No matter which trim you select, every 2021 Sedona comes with a 3.3-liter V6 behind its Tiger Grille. The six-pot sends power exclusively to the front wheels via an eight-speed automatic transmission. Rated at 276 horsepower and 248 lb-ft of torque, it’s ever so slightly down on the V6 Odyssey and Pacifica, but in daily use you’re unlikely to notice.SEE ALSO: 2021 Toyota Sienna Review: First Drive
What you will notice is a loud, rough din from the V6 when you ask anything more of it than cruising. The engine makes itself known often, the clearest sign that this is an older Kia model. What’s extra strange is that the noise isn’t quite as noticeable outside the Sedona.
Engine noise aside, the rest of the Sedona driving experience is smooth. The 18-inch tires have a good amount of sidewall to them, taking the sting out of potholes as I straight-line Highway 401 between Toronto and Kingston. The steering wheel is naturally light in both feedback and weight. An available Harman/Kardon sound system provides ample power for tunes, and the 8.0-inch touchscreen uses the same slick UVO setup as other Kias. It’s an easy system to navigate, though it can’t match the configurability of FCA’s Uconnect.
Easy on the wallet
The Sedona’s age translates to a lower starting price than most rivals. The range kicks off at $31,575 ($34,090 CAD), including destination, undercutting all but the Chrysler Voyager. That de-contented Pacifica can’t match the Sedona’s standard kit or its strong warranty, however. The list includes heated seats and (leather-wrapped) steering wheel, power sliding doors, rear air conditioning controls, a 7.0-inch touchscreen with Apple and Android connectivity, auto-dimming rearview mirror, and rear-parking sensors.SEE ALSO: 2021 Chrysler Pacifica AWD Review: First Drive
A wireless charger, two 110V outlets, tri-zone automatic climate control, eight-way power-adjustable passenger seat, larger infotainment screen, sunroof, and the Harman/Kardon sound system are all available on higher trims, and present on this range-topping tester, which rings in at $42,675 ($44,590 CAD).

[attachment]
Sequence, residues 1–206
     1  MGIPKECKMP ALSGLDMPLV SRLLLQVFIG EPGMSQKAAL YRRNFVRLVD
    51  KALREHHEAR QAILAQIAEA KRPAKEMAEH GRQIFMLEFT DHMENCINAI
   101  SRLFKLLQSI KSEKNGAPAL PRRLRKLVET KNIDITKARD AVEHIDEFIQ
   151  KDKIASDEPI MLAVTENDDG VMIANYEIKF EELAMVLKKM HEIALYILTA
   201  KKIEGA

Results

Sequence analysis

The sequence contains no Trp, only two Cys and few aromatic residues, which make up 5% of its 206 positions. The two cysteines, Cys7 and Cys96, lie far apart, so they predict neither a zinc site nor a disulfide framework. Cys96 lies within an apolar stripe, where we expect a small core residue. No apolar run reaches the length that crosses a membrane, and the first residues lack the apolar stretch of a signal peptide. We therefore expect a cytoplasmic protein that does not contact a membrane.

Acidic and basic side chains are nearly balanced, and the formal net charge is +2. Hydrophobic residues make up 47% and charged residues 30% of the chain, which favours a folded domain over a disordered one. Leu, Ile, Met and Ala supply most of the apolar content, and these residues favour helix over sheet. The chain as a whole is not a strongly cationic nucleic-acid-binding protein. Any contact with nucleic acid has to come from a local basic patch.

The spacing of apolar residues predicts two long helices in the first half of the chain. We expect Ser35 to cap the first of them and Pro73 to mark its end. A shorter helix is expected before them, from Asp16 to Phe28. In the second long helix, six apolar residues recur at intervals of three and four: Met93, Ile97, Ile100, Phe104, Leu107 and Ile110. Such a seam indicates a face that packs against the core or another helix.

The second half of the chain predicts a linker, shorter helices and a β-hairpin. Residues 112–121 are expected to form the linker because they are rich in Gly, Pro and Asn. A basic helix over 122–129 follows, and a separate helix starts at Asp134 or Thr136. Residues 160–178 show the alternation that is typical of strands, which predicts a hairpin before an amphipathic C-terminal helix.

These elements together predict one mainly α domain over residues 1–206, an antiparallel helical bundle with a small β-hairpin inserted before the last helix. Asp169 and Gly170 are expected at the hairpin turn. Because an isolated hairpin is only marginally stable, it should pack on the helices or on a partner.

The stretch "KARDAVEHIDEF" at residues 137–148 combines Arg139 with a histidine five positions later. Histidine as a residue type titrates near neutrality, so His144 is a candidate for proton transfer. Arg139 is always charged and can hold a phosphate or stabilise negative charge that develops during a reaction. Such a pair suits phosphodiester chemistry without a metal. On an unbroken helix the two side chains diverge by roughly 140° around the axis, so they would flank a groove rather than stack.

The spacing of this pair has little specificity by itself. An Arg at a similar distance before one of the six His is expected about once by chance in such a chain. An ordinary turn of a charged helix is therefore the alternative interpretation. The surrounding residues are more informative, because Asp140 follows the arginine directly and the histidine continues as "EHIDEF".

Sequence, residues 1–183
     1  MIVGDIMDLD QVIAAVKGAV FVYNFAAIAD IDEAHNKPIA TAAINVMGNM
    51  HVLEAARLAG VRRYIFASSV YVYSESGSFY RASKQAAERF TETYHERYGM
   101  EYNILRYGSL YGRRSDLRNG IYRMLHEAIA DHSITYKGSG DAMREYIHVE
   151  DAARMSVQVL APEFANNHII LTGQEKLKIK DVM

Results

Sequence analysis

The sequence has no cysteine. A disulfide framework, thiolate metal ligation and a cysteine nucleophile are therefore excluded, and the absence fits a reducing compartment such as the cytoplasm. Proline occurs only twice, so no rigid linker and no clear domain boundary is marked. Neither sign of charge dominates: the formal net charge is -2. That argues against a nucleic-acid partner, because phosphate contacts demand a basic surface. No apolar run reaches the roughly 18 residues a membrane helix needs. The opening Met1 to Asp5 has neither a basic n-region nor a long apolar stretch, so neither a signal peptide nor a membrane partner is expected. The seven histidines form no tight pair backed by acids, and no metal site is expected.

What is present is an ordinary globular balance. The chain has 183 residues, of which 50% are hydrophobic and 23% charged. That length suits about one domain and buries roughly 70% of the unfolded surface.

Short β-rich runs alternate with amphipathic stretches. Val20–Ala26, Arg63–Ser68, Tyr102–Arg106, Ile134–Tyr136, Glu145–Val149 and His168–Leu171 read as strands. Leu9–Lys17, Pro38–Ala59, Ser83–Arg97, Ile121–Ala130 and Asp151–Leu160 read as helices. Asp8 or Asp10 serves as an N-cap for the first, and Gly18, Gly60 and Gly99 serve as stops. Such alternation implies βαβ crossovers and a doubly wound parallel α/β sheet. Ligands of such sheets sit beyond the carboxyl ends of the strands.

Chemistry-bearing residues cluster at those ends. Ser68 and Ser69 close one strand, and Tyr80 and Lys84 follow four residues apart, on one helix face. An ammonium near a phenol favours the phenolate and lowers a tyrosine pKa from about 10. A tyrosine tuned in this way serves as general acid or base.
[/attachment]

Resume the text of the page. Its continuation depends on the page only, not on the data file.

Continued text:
The Sedona still requires buyers to pay extra for advanced driver safety assists. These include forward collision avoidance with pedestrian sensing, rear cross-traffic alert, blind-spot warning, lane departure warning, driver attention warning, smart cruise control, and around-view camera. US buyers need to step up to the EX Premium Package ($39,675) for all that; Canadians must pick the range-topping SX Tech.
Verdict: 2021 Kia Sedona Review
As the market embraces crossovers more and more, minivans like the Sedona have an opportunity to shine. Sure, you can bag a new 2021 Sorento for similar cash, but that crossover’s third row is a studio apartment compared to the townhouse in the Sedona’s way-back.SEE ALSO: 2021 Kia K5 GT-Line AWD Review: A Covetable Mainstream Sedan?
The current Sedona is an honest vehicle. It does exactly what you ask of it—shuttle a lot of people and/or their things—with minimal fuss. If you don’t need some of the new-fangled goodies in the segment, like all-wheel drive, hybrid drivetrains, or built-in vacuums, it remains an affordable, reliable pick. But the competition does offer those, and handily outsells the Sedona. Kia will need to sprinkle some of the magic from the K5 onto the Carnival if it looks to move up the minivan ranks.
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- Lots of space
- Affordable price
- Easy-to-use infotainment
- Loud engine
- Lacks AWD or hybrid options
- Not quite as spacious as more modern rivals
Kyle began his automotive obsession before he even started school, courtesy of a remote control Porsche and various LEGO sets. He later studied advertising and graphic design at Humber College, which led him to writing about cars (both real and digital). He is now a proud member of the Automobile Journalists Association of Canada (AJAC), where he was the Journalist of the Year runner-up for 2021.
More by Kyle Patrick